We have also been noticing a lot about how our city needs more family/ baby friendly spaces. Very few cafes and restaurants have changing tables and feeding rooms or wide enough isles for the pram to go through. We want to be able to take Asa everywhere we go and share the experiences.

Mother and baby sitting on couch in home

How do you see your role as a mother and artist evolving in the future?

I’ve always been interested in creating spaces for children. I’m not talking about spaces that children learn to paint or make clay objects. I want a space that is more free, interactive and collaborative where children can get messy and test whatever crazy ideas they have. There is a place called PLAY! Museum in Japan

Opening a space like that in Aotearoa would be a dream!

Other than that, I can’t wait to make art with Asa when he is old enough to support his head! He will then become my inspiration to create new art!

Close up of mother and baby

Can you tell us about your creative process and chosen medium?

I have been using an iPad for creating contents for Moshi Moshi Classroom for the last couple of years, but my true love for making is in large scale sculptures and installations that people can interact with. I don’t use fancy materials. My all time favourite materials are dough, paper and lint!

See more of Aya’s work as featured online at Elam Artists

I am interested in creating something from nothing, finding surprises and fun in the mundane.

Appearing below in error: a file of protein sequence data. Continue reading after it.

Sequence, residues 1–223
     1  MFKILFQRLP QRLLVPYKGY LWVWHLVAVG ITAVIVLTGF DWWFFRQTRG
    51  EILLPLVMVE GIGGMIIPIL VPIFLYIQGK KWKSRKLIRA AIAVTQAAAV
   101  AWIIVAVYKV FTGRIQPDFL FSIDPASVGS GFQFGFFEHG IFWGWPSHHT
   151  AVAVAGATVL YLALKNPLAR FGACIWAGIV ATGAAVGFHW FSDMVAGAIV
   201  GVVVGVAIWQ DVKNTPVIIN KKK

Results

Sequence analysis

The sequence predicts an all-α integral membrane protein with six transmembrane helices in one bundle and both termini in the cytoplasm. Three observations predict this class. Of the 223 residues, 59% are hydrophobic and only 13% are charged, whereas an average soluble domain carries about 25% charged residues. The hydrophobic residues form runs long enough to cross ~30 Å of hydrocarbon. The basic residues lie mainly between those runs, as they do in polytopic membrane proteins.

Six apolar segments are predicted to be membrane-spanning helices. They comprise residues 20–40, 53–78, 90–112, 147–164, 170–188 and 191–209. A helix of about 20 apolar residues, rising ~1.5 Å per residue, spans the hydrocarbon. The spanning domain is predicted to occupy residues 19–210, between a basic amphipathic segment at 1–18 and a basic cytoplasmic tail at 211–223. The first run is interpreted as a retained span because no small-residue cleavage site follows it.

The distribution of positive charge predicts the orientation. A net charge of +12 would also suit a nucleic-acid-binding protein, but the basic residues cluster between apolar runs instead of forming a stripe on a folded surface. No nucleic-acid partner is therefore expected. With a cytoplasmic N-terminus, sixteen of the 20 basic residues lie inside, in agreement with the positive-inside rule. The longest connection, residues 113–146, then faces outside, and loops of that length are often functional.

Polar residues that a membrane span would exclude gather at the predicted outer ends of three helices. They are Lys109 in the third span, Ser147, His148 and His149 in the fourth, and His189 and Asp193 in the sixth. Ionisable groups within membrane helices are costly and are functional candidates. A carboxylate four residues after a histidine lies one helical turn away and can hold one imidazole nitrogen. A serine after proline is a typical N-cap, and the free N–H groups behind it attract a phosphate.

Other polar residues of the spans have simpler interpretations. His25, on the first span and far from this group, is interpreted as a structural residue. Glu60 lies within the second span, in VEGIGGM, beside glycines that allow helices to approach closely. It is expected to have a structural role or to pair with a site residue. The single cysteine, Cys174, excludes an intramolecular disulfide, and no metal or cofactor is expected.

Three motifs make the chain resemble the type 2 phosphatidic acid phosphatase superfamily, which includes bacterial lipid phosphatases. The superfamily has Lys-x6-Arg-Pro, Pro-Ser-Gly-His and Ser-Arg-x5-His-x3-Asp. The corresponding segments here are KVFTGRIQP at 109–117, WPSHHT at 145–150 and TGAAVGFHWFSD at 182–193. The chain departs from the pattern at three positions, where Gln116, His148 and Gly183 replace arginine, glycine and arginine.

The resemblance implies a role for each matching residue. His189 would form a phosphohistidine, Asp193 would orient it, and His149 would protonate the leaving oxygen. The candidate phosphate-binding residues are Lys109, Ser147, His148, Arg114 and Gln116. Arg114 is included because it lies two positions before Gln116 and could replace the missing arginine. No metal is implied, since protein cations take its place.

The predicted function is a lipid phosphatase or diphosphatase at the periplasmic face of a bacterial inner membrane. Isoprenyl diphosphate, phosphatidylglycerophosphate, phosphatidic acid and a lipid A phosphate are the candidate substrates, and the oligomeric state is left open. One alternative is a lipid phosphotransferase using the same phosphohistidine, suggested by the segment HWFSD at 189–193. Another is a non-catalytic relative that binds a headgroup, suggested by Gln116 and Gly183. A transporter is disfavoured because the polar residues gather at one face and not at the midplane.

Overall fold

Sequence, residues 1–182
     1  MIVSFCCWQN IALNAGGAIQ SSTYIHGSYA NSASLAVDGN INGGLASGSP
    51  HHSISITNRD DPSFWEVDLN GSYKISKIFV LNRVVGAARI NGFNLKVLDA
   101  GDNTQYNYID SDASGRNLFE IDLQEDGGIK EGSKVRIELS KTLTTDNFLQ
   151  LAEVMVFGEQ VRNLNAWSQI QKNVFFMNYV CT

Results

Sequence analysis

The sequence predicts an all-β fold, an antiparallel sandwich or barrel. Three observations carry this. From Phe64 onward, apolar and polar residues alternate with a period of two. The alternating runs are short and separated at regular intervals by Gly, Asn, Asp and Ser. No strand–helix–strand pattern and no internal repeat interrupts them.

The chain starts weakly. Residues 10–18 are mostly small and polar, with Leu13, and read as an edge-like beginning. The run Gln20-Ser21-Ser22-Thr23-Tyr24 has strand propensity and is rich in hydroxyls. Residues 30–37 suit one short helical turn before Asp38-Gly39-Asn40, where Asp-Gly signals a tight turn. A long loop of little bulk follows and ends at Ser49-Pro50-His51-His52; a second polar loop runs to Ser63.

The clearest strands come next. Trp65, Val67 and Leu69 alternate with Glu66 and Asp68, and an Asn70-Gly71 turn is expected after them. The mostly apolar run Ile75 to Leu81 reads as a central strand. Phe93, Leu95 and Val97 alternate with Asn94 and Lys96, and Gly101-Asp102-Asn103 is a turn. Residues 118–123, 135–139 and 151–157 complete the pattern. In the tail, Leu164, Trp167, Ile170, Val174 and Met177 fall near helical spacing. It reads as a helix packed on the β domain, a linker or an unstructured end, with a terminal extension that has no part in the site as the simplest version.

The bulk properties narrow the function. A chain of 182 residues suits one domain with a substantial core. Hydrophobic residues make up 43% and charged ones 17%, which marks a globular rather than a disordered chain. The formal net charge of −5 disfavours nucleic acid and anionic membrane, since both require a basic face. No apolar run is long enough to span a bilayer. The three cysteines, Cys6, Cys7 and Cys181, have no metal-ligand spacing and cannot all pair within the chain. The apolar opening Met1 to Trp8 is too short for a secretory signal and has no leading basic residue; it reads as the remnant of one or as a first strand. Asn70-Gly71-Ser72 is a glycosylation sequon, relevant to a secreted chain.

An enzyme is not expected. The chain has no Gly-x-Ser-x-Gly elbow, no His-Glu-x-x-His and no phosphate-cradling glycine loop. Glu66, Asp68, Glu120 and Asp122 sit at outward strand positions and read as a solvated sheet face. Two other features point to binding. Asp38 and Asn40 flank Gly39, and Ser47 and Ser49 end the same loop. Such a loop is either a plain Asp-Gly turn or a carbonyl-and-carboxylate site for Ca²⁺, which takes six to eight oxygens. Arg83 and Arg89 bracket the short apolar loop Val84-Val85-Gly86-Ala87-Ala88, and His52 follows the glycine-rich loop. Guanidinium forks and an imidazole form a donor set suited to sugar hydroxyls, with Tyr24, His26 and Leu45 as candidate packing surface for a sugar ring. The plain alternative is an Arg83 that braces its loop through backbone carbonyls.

Poster with colours in Te Reo and English

What are you really excited about in 2023? (Or some highlights from last year)

I am definitely excited about going back to Japan and introducing Asa to my family! Last time I was there was when Elliot and I got engaged in 2020. Because of the pandemic, my family couldn’t attend our wedding or meet Asa when he was born. It’s going to be very special!

How can parents encourage creativity at home with their little ones? (What are some practical activities or resources we could share with parents?)

Hmm… I would say… less ipad and TV time (haha). I remember spending a lot of my childhood drawing, cutting paper and making pretend bento boxes, collecting stones and making up stories… I was always busy making with my hands! My grandparents always saved their newspaper ads (back side was white and blank) for me to use whenever I visited. You don’t need special toys or materials to be creative. I think it’s also important to have conversations with your little ones about what they are doing and thinking. Rather than stating the obvious like “is this a dog?” ask them something like “can you tell me about your drawing?” “why did you choose this colour?” “I like your dog because…” I have this book called How to be an explorer of the world by Keri Smith. If you can’t think of anything to do with your little one, I would recommend you taking this book and a pencil outside. All of your surrounding environments turn into a magical playground…!

You can find Aya and all her beautiful resources here

Pink poster with leaf shapes